IRAN & NUCLEAR WEAPONS2008 :
U.S. crude oil prices neared a record above $140 a barrel !!!2006 :
U.S. crude oil prices neared a record above $70 a barrel on Monday, April 17 as Iran's pursuit of its nuclear program heightened fears the United States might take military action against the oil-producing nation. London's Brent crude on Monday rose 89 cents to $71.46 after touching a new record high of $71.62. Fear of possible disruption of supplies from Iran, the world's fourth-largest oil exporter, has helped drive the price of U.S. crude more than 20 percent higher since mid-February. Another concern is the shut-in of more than 500,000 barrels per day in OPEC producer Nigeria following militant unrest.
The city of Bandar Abbas sits at the gateway to the Persian Gulf, astride the Straits of Hormuz where 40% of the world's oil supply travels through that Strait. The Strait is 21 miles wide at its narrowest point, and practically speaking even narrower than that: there's a one-mile-wide channel in each direction, separated by a two-mile "median." If anything happens to block that channel, the global community would be thrown into economic chaos. In the "tanker wars" of 1984-1987, Iran and Iraq had exhausted their forms of military artillery and started going after oil tankers. Iraq attacked those ships bearing Iranian oil exports, and Iran responded with Silkworm anti-ship missiles and mining the Straits.
Former Iranian President Akbar Hashemi Rafsanjani said on Monday Iran would continue to pursue its nuclear program following its announcement last week it had enriched uranium for use in power stations. "The Islamic Republic of Iran does not intend to stop," he told reporters in Kuwait during a visit to the Gulf state. On April 11, 2006, Iranian President Mahmoud Ahmadinejad said Iran had successfully enriched uranium. This came about when Ahmadinejad announced the news in a televised address from the northeastern city of Mashhad, saying "I am officially announcing that Iran joined the group of those countries which have nuclear technology." On April 13, 2006, After Secretary of State Condoleezza Rice said (on Wednesday, April 12, 2006) the Security Council must consider "strong steps" to induce Tehran to change course in its nuclear ambition; Iran's hard-line President Mahmoud Ahmadinejad vowed that Iran won't back away from uranium enrichment and said the world must treat Iran as a nuclear power. On April 14, 2006, The Institute for Science and International Security (ISIS ) published a series of analyzed satellite images of Iran's nuclear facilities at Natanz and Esfahan. Featured in these images is a new tunnel entrance near the Uranium Conversion Facility (UCF) at Esfahan and continued construction at the Natanz uranium enrichment site.Iranians say there is currently no evidence that Iran is using its nuclear power capabilities to produce nuclear weapons, and the known facilities do not have the capability to produce weapons grade material. Any other use outside peaceful energy production would be a violation of the Nuclear Non-Proliferation Treaty (NPT), which Iran ratified in 1970.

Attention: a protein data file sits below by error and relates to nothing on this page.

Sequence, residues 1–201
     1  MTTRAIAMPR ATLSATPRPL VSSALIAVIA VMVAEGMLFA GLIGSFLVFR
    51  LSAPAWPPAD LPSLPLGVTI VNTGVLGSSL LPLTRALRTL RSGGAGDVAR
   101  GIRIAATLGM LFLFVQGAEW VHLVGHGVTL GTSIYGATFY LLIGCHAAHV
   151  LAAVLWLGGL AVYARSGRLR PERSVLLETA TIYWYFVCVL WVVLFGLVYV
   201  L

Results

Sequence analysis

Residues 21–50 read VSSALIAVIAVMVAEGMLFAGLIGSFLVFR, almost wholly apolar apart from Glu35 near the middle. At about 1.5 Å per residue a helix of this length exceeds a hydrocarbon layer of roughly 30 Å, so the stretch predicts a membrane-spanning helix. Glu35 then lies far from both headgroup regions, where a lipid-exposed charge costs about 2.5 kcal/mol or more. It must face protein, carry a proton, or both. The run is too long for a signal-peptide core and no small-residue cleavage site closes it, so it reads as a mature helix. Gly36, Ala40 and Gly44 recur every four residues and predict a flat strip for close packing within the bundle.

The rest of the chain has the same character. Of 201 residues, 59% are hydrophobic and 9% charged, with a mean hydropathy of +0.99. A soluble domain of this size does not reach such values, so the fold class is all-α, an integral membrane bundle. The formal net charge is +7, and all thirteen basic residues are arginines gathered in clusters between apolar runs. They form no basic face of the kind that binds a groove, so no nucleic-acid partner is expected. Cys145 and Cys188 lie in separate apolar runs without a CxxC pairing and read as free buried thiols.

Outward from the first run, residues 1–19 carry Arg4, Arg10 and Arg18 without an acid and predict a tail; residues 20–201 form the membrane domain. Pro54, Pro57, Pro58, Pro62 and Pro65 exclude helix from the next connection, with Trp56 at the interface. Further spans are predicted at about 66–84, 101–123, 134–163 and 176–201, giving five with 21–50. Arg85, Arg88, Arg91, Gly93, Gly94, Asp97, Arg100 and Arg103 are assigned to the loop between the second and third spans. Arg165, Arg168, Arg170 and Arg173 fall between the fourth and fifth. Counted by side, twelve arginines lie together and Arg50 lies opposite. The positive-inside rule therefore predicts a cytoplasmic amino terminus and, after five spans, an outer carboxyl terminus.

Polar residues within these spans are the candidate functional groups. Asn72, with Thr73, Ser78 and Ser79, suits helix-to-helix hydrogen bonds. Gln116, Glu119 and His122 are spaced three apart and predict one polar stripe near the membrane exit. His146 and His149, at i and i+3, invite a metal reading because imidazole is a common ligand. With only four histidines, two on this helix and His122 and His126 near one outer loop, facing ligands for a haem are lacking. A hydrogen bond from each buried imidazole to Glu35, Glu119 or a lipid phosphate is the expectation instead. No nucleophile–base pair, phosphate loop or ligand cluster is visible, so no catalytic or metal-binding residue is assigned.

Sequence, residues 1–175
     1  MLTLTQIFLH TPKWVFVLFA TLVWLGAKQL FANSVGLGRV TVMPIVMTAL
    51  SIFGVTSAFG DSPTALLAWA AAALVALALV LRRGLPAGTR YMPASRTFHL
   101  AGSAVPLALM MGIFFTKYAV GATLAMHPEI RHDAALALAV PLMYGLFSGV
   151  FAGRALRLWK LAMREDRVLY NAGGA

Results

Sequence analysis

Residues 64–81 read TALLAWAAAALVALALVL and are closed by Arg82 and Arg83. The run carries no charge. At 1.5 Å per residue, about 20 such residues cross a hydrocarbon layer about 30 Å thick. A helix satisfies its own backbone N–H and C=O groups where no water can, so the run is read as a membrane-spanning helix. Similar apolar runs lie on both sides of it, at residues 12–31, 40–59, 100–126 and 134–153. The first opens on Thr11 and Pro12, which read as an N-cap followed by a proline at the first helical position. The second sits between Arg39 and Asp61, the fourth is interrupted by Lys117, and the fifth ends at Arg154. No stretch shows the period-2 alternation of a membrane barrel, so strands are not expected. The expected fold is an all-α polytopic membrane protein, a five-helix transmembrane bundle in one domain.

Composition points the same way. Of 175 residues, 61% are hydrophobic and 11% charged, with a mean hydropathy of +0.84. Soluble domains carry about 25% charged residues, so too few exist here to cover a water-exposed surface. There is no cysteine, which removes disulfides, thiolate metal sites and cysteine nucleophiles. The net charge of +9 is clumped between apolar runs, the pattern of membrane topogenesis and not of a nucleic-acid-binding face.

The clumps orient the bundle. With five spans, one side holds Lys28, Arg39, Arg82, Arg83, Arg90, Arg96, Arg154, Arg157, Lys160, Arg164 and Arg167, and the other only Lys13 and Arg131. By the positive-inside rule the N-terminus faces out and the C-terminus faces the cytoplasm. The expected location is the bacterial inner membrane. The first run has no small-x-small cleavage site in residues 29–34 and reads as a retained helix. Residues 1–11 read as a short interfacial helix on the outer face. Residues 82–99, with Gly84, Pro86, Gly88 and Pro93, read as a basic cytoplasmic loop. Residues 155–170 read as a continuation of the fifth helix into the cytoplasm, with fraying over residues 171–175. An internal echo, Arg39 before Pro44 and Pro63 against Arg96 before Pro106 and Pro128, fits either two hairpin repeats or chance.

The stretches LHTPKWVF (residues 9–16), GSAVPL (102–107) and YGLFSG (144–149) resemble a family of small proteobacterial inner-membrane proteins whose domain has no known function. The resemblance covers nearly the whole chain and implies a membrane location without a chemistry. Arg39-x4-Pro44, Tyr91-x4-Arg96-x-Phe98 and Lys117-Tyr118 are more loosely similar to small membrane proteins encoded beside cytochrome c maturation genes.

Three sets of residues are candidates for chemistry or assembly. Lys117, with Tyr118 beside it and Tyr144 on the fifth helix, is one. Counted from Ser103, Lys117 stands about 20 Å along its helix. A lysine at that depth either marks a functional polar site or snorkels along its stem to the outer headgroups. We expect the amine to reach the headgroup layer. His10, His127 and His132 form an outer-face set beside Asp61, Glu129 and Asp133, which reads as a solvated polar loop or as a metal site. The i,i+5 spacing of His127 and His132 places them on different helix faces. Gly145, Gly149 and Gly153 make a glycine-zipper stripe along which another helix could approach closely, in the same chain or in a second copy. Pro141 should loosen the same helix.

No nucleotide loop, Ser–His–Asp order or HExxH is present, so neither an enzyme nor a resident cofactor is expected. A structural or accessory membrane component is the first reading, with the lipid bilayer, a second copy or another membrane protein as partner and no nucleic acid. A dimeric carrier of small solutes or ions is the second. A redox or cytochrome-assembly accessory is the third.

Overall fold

The West suspects the nation is trying to build an atomic bomb and talk of a U.S. attack has topped the international news agenda since a report in The New Yorker magazine this month said Washington was considering using tactical nuclear weapons to knock out Iran's subterranean nuclear sites. A nuclear strike against Iran would no doubt signal a prelude to War World III. Iran has strong economic partnerships with China and Russia. In 1995, Iran signed a contract with Russia to resume work on the partially complete Bushehr plant, installing into the existing Bushehr I building a 915MWe VVER-1000 pressurized water reactor. In 1996, the U.S. tried, without success, to block China from selling to Tehran a conversion plant. China also provided Iran with gas needed in for the enriched uranium process.
Iran's President Mahmoud Ahmadinejad has stated publically that Israel should be wiped off the global map and has been a vocal supporter of Iran's nuclear program. In 1975, The U.S. Secretary of State Henry Kissinger, had signed National Security Decision Memorandum 292, titled "U.S.-Iran Nuclear Cooperation," which laid out the details of the sale of nuclear energy equipment to Iran.
President Gerald R. Ford even signed a directive in 1976 offering Tehran the chance to buy and operate a U.S.-built reprocessing facility for extracting plutonium from nuclear reactor fuel. The deal was for a complete "nuclear fuel cycle", with all the dangerous consequences that would entail including the possibility of this plutonium being used sooner or later to make weapons. President Ford's team endorsed Iranian plans to build a massive nuclear energy industry, but also worked hard to complete a multibillion-dollar deal that would have given Tehran control of large quantities of plutonium and enriched uranium -- the two pathways to a nuclear bomb.
The thought of a Iran nuclear weapon sends chills through out the world as the Iran leadership is filled with religious zealots and fanatics who would use a nuclear weapon against Israel, in which Israel would respond with the launching of it's nuclear arsenal against Iran. Once this nuclear exchange takes place, it will engulf the globe and trigger World War III.Source : www.jaysnet.com